Adobe is continuing to invest heavily in our core ad serving capabilities with the general availability launch of Adobe Primetime. As part of our ongoing efforts to lead the industry in video monetization for content programmers and distributors, we’re rolling out significant enhancements to Adobe Primetime Ad Serving (fka Adobe Auditude) to comply with the latest VAST 3.0 and VMAP 1.0 standards. We’re excited to be the only video ad server in the market today that’s capable of both generating and reading VAST 3.0 and VMAP 1.0 ad calls.
The IAB’s Video Ad Serving Template, or VAST, was developed to provide publishers and advertisers with a common language for video player technology. In parallel, the Digital Video Multiple Ad Playlist, or VMAP, was created to detail ad insertion possibilities in instances where a programmer doesn’t control the video player or end-point distribution channel for content it owns.
The purpose of these two standards is to make video advertising more scalable and straightforward for industry participants, and Adobe is happy to announce that our Adobe Primetime Ad Serving is fully VAST 3.0 and VMAP 1.0 compliant. It is capable of both generating and reading VAST 3.0 ad calls, and allowing for inventory rights sharing among programmers and distributors with VMAP 1.0.
Before the introduction of VAST and VMAP, publishers using different players for different playback environments required advertisers to create unique ad responses for each site or device they wished to target. This created significant operational headaches, and limited the amount of money that media buyers were willing to spend on digital video. While earlier versions of VAST allowed advertisers to address these challenges, the standard also laid the groundwork to enable content programmers and distributors to communicate among themselves more efficiently. VAST 3.0 builds further on this foundation.
The latest versions, VAST 3.0 and VMAP 1.0, add a number of features and enhancements, including new details for the ad response format and how video players interpret and return signals to and from an ad server. According to the IAB:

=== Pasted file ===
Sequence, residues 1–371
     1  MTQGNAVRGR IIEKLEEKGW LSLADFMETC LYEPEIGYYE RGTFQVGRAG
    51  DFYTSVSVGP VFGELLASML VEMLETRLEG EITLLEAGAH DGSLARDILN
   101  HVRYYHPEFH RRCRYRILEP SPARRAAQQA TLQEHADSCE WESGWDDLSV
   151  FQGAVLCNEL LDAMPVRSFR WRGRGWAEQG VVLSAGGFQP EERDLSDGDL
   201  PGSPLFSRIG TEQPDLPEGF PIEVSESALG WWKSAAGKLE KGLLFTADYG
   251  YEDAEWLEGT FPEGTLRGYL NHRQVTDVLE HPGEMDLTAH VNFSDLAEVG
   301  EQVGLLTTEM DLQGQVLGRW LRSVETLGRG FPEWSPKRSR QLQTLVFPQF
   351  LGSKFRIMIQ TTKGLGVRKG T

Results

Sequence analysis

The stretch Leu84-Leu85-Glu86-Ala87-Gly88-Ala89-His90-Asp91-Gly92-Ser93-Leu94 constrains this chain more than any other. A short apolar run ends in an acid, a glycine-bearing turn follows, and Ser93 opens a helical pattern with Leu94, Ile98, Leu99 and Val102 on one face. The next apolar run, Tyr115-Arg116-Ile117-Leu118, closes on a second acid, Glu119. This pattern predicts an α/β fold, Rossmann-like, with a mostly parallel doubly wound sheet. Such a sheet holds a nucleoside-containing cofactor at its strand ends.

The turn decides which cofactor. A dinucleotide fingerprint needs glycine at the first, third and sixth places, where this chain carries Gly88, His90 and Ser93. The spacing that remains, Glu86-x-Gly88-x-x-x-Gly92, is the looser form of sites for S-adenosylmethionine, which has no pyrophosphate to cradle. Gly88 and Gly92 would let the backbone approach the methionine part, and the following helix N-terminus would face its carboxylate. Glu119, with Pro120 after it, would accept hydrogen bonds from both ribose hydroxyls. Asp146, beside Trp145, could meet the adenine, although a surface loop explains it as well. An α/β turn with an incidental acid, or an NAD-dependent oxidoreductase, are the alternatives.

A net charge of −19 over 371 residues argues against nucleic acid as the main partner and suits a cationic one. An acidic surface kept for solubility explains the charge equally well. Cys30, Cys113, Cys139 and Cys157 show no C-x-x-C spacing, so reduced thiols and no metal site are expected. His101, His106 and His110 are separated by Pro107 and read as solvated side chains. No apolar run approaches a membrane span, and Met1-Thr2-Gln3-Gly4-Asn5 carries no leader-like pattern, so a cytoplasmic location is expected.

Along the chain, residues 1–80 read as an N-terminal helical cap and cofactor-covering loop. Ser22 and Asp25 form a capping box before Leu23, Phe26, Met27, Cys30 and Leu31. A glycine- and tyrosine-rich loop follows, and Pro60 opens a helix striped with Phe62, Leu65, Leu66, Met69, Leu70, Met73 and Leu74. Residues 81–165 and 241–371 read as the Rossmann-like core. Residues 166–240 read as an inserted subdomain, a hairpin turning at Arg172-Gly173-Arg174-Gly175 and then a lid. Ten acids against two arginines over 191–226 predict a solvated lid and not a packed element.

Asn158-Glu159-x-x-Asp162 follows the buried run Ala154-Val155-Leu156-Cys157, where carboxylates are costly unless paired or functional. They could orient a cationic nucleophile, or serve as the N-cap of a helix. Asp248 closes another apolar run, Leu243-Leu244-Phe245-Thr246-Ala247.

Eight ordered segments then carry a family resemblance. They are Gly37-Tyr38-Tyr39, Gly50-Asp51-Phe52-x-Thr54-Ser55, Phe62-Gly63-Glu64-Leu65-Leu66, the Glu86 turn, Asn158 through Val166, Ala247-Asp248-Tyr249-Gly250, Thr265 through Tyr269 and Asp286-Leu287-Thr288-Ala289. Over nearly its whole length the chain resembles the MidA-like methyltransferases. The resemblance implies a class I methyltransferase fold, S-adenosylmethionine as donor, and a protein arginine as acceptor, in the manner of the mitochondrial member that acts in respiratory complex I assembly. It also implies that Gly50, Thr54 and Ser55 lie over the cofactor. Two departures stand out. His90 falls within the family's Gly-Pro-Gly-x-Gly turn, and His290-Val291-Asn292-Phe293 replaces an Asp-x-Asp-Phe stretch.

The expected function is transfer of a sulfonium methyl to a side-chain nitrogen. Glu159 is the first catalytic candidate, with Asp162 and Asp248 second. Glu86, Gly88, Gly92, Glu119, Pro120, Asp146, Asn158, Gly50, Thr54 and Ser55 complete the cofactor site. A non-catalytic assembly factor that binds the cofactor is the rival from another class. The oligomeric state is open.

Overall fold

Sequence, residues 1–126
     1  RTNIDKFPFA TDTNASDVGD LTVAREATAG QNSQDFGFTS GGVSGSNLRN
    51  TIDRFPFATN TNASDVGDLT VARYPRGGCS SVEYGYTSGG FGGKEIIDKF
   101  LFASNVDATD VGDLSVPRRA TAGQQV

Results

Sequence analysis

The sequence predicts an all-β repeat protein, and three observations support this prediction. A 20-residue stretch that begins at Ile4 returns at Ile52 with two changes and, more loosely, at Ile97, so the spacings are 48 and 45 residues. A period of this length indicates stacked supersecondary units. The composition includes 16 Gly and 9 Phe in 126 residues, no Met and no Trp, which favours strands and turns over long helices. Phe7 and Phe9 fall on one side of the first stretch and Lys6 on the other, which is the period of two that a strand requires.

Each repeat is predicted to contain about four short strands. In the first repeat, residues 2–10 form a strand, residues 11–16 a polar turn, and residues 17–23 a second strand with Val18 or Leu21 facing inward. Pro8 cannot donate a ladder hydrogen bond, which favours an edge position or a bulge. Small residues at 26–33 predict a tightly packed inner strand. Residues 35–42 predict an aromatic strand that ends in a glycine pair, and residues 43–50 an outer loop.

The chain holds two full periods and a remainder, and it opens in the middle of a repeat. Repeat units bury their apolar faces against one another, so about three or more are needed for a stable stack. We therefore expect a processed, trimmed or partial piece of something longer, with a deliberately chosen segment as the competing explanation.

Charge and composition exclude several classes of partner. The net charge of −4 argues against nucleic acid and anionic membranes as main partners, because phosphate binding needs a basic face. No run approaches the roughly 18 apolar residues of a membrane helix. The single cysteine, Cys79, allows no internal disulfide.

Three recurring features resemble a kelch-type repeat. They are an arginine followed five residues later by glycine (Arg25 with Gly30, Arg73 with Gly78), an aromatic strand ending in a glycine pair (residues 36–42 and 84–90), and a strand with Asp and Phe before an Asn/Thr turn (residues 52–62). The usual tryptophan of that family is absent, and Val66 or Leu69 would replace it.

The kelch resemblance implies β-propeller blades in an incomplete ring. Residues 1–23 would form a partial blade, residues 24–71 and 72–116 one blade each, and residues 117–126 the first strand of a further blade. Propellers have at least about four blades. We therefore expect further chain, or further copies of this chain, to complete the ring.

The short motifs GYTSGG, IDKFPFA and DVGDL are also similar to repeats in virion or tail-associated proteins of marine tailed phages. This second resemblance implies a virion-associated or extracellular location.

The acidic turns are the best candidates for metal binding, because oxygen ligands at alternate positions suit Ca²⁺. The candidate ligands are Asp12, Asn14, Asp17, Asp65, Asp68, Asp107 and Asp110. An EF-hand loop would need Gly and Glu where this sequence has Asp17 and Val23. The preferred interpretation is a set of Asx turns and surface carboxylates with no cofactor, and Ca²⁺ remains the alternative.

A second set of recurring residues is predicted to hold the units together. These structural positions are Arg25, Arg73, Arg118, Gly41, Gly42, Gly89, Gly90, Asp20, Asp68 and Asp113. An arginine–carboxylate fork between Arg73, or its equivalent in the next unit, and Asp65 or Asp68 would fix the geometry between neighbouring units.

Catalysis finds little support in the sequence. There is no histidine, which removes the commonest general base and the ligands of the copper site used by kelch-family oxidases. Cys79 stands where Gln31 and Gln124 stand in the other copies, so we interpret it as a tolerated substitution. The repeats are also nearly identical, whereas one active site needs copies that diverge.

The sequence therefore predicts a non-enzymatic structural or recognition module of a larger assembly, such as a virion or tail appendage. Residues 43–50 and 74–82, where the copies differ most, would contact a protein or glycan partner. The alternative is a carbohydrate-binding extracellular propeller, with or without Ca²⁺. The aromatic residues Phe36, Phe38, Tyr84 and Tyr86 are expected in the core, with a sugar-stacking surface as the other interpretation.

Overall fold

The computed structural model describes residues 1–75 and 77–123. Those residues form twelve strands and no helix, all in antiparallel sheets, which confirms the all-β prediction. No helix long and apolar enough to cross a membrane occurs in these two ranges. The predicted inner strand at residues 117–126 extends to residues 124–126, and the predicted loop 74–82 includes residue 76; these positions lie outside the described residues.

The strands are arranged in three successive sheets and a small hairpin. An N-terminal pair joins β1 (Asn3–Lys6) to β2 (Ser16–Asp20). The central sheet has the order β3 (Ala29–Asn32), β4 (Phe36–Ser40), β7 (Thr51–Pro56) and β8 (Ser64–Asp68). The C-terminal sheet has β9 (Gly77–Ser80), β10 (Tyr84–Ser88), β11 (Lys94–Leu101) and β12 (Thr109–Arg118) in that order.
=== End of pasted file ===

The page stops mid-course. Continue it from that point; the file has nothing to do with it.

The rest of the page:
With VAST 3.0, video players now have the ability to declare which ad formats they support. Five formats are provided as options: Linear Ads, NonLinear Ads, Skippable Linear Ads, Linear Ads with Companions, and Ad Pods (a sequenced group of ads). Skippable Linear Ads and Ad Pods are new formats offered with this release. Some video players choose to only support certain VAST ad formats in accordance with their publishing business model. With VAST 3.0, the guesswork of which VAST ad format a player supports is eliminated.
The VAST ad-serving process when ads are served directly from a publisher’s system to the video player (Image credit: IAB)
With VMAP, video content owners can exercise control over the ad inventory displayed in their content when they can’t control the video player, to capitalize on advertising while maintaining the integrity of their program content. VMAP enables the content owner to define the ad breaks within their content, including the timing for each break, how many breaks are available, what type of ads and how many are allowed in each break.
A simplified example of the VMAP serving process (Image credit: IAB)
The primary advantage of VAST 3.0 is that it enables monetization of breaks with multiple ads via a single ad call. This third-party ad server can control the entire ad experience for the break. In combination with VMAP 1.0, this is ideal for full-length TV episodes, which typically have several breaks with more than one ad, and for which inventory splits between the programmer and the distributor are common. With the prior versions of VAST, the ad server could only request and respond to one ad at a time – it wasn’t possible to efficiently support breaks with more than one ad. VAST 2.0 was built for short clips, but VAST 3.0 has been designed for true broadcast-to-IP TV.
Without a VAST 3.0-compliant ad server, a broadcaster will typically have to manually traffic ads against individual ad positions in a single commercial break to prevent an ad from appearing more than once. Implementing competitive blocking and enabling robust analytics and forecasting are similarly labor-intensive. This presents a trafficking nightmare for ad operations – and doesn’t scale.
VAST 3.0 and VMAP 1.0 are especially important for driving broader adoption of TV Everywhere because these protocols enable shared inventory rights between programmers and distributors. Inventory rights sharing requires interoperability between partners’ video players and ad servers, which VAST 3.0 and VMAP 1.0 provide. A distributor who deploys and controls the video player typically has to call a programmer’s ad server to insert ads that the content partner has sold. For example, a programmer may give two of every 20 minutes of ad space to a cable operator for local spots; this type of inventory sharing is made possible with VAST 3.0 and VMAP 1.0 redirects between the content programmer and distributor’s ad servers.
Global broadcasters and distributors like NBC and Comcast are increasingly turning to Adobe Primetime for its unified workflow across publishing, advertising and analytics. Adobe Primetime now features the industry’s only video ad server that can both generate and read VAST 3.0 and VMAP 1.0 ad calls, making the process of fully monetizing broadcast video even simpler for both content programmers and distributors.